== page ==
|Don Cherry on D&C: ‘This is going to be a battle of goaltenders’||05.13.11 at 9:00 am ET|
Hockey Night in Canada commentator Don Cherry checked in with the Dennis & Callahan show Friday morning to talk about the Stanley Cup playoffs. To hear the interview, go to the Dennis & Callahan audio on demand page.
The Bruins picked things up offensively in the series sweep of the Flyers, but Cherry said goals will be at a premium against Lightning backstopper Dwayne Roloson. He predicts both team’s goalies will take center stage in this series.
“I tell you one thing, they won’t get those goals off of Roloson,” Cherry said. “I phoned [Capitals coach] Bruce Boudreau in January and left him a message. I usually don’t do that, but I said, ‘You’ve got to get a hold of that Roloson. This guy will win you the Stanley Cup. He’s hungry, he’s 41 years old, this is his last shot.’ And he didn’t do it. A week later, [Lightning general manager] Stevie Yzerman picked him up. I think he got two shutouts in a row, shut out Washington. He is dynamite.
“And I’ll tell you one thing: Philadelphia, I have never understood them that they have gone 20 years and they seem as if they don’t want to get a good goaltender. It’s beyond me.
“You watch this guy [Saturday night], Roloson. He is dynamite. But Timmy Thomas, right on the money, too. This is going to be a battle of goaltenders.”
Added Cherry of Thomas: “Timmy Thomas is on a roll right now. He’s got something to prove.”
Cherry, who coached the Bruins from 1974-75 through 1978-79, predicts the Bruins will advance to the Stanley Cup finals vs. the Canucks. “I like Boston,” he said. “I picked Boston to be in the finals. But this will be a tough one, because these guys are on a roll — [Martin] St. Louis and [Vincent] Lecavalier. And [Steven] Stamkos hasn’t really picked it up yet. I’ll tell you one thing: This is going to be a great series.”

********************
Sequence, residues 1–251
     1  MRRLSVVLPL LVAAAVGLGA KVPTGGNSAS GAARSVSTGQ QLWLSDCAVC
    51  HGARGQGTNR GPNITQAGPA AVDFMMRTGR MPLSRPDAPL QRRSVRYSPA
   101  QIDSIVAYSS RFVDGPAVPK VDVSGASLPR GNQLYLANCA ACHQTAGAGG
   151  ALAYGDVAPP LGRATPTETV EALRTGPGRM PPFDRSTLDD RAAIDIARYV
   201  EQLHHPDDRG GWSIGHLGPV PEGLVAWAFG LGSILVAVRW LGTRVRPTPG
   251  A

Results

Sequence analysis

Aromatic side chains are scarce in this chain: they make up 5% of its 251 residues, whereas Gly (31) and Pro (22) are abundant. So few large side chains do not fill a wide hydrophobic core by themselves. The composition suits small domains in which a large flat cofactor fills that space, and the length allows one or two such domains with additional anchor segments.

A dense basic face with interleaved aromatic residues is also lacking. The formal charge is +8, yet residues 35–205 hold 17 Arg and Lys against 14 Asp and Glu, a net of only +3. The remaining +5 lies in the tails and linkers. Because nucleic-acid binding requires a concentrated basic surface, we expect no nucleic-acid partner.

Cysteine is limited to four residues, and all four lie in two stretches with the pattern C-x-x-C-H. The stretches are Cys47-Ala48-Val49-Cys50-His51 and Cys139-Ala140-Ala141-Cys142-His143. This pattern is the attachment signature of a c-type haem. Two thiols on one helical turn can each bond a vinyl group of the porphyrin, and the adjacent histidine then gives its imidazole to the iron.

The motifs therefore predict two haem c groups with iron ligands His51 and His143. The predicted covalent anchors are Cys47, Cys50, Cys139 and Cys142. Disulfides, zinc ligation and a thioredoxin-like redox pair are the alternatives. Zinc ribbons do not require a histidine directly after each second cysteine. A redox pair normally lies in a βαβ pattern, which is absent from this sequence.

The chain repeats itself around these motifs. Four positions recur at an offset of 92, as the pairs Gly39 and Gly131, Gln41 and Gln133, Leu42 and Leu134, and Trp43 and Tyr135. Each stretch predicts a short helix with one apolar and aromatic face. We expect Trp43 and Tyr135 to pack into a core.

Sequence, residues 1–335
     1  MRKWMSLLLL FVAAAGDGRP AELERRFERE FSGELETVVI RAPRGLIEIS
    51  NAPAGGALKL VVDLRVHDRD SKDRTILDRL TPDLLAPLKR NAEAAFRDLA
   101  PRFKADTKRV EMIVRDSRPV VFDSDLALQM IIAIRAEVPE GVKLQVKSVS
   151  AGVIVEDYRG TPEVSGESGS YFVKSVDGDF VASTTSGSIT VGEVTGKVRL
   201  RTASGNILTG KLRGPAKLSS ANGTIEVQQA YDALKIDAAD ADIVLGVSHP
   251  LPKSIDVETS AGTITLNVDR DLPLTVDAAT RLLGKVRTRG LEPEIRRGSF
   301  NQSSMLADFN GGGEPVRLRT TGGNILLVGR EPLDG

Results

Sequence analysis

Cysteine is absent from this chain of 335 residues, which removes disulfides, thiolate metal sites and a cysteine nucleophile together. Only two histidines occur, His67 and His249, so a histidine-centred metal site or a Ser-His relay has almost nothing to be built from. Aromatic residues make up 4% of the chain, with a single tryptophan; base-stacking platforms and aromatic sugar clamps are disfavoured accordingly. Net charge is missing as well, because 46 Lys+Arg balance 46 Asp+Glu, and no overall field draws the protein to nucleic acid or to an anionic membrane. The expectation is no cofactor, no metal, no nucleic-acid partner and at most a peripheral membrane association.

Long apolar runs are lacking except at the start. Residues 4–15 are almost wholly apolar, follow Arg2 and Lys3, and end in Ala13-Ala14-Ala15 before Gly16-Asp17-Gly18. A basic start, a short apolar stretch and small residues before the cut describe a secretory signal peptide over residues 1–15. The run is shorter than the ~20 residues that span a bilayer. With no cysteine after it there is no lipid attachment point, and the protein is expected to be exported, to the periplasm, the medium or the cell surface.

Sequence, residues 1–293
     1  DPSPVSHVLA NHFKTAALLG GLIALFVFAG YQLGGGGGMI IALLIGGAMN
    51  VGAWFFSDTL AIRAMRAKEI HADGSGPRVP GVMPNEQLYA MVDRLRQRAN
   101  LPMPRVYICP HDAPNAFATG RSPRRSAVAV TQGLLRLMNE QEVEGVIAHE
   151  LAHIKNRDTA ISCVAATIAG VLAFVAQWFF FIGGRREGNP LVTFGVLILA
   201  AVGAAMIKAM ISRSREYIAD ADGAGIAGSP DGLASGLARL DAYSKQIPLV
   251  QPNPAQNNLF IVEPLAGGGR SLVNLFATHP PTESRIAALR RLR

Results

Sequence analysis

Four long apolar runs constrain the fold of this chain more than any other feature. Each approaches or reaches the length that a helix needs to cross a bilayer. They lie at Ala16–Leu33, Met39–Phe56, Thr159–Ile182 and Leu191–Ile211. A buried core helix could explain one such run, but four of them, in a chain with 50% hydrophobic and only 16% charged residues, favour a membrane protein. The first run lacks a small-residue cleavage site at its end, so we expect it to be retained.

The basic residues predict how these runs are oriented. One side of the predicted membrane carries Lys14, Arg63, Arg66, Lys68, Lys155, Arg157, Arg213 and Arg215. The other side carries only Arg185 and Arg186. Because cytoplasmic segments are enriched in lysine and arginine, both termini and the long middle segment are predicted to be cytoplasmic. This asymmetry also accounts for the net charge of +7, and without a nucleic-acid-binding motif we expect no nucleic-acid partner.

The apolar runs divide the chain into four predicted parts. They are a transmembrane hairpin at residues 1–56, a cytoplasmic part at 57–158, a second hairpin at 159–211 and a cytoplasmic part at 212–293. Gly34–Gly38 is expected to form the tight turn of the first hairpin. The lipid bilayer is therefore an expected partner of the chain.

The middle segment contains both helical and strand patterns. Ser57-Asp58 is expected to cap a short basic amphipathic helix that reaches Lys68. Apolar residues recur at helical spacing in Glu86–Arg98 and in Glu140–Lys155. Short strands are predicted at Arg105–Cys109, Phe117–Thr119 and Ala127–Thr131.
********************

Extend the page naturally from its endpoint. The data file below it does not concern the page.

|How Zdeno Chara shut down Flyers and why it matters against Lightning||05.07.11 at 3:08 pm ET|
Before their Eastern Conference semifinal series, there was lots written and said about how much trouble the Bruins would have stopping the high-powered Philadelphia offense.
After all, the Flyers led the East in the regular season with 259 goals, behind only Vancouver and Detroit in the entire NHL. Against Buffalo in the first round, Philly scored five goals in three of its four wins and four in the other, all against Ryan Miller, one of the elite goalies in the sport.
But the Bruins didn’t blink, after allowing three goals — two in garbage time — in Game 1, the Flyers scored just four the rest of the way in getting outscored 20-7 in the Bruins sweep.
Bruins captain Zdeno Chara said every Bruins player understood what was expected in “the system.”
“It was big,” Chara said. “I thought eventually in Games 3 and 4 they started to find a way of creating speed through the neutral zone. But I thought the first two games, we completely took that away from them.”
Danny Briere, Mike Richards and James van Riemsdyk scored in Game 1. Van Riemsdyk accounted for both Philly tallies in Game 2. Andrej Meszaros scored a harmless goal in Game 3 and Kris Versteeg scored in Game 4.